Beyond the superfluous peacocking and masquerading that the biannual international menswear tradeshow Pitti Uomo has become so known for, a dying breed of patrons continues to uphold the true essence of authenticity in traditional men’s clothing. These faithful few remain deeply devoted to menswear at its purest.
For four days we were on the ground in Florence for the 91st edition of the show, and while there we talked with five distinct gentlemen from far and wide whose respective styles are both timeless and distinct.
David Coggins, Menswear Writer, Journalist & Editor
Fit is everything, but popular men’s fashion publications today will lead you to believe good fit means a wetsuit-like tightness. Not only is this uber slim trend just that — a trend — it is also incredibly uncomfortable and restricting. Mr. Coggins leaves ample room within his coat for his double-breasted jacket and accompanying scarf without looking or feeling overly large. Notice as well the occasion and setting — a gray and damp afternoon. The generous cut of the coat leaves a little extra room within for air between garments, and the heavy wool fabric gives maximum comfort and coziness, all the while looking masculine and timeless.
Fabio Attanasio, Eyewear Designer & Blogger
Mr. Attanasio, a blogger and eyewear designer, has mastered the art of soft, Neapolitan tailoring. His cashmere coat hangs on his suit naturally thanks to the absence of shoulder padding. Ask your tailor for only canvas within the shoulder, and to achieve that raised effect in the sleevehead, request your shoulder con rollino (Italiano for “with little roll”). If you chose large peak lapels like Mr. Attanasio, try a double pic stitching to really make the angles appear three-dimensional.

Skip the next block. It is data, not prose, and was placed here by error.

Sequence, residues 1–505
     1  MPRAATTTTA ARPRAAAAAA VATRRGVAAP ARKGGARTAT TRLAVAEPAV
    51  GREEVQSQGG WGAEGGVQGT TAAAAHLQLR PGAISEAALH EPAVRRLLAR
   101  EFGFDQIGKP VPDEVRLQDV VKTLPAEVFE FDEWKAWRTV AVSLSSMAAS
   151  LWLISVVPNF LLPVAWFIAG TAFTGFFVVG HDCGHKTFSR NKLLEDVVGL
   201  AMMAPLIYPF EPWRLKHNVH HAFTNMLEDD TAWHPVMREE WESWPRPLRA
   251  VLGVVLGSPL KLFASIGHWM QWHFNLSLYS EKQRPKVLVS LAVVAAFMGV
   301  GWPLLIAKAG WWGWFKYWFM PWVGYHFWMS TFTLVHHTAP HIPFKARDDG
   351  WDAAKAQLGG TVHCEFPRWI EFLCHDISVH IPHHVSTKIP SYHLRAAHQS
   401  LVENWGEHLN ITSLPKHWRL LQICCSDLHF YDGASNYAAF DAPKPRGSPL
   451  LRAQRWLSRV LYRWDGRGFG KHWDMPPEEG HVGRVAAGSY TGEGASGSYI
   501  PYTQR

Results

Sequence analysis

Maxim Lundh, Clothing Agent
Mr. Lundh, a clothing agent from Sweden, tastefully demonstrates the practice of playing with textures. Instead of focusing on pops of color when at the drawing board, he looked to the nuances in fabric weaves. The qualities in the almost-birdseye knit of the tie with the rough inconsistencies in the jacket pair beautifully with the medium-weight flannel trouser for a look that is understated, subtle and tastefully unique.
Benedikt Fries, Co-Founder of Shibumi-Berlin
For your next bespoke or made-to-measure commission, opt for an ulster coat. This classic overcoat is typically cut a bit larger in the body, and traditionally is cinched at the waist with a rear belt. Mr. Fries, the co-founder of Shibumi Berlin, a menswear accessories company, balances the fuller coat with quite loose, nonchalant details, wearing it open with a loosely tied cream cashmere scarf hanging in front. Lastly, if you ask your tailor to cut the upper arm slightly larger so as to create the beautiful puckering at the shoulder seam, or “grinze,” you’ll achieve a softer finish on the broader silhouette.
Erik Mannby, Menswear Designer & Writer
Taking queues from Mr. Mannby’s rustic, almost English countryside flavor of menswear, note how he dresses down a jacket and tie by layering in casual pieces. The bright orange scarf in a chunky knit, the nylon watch strap in muted hues, and the tame browns of the wool glen plaid cap are such notes. He also pieces in a neutral cardigan, which goes a long way in toning down the ensemble so as not to draw too much attention to the shirt and tie.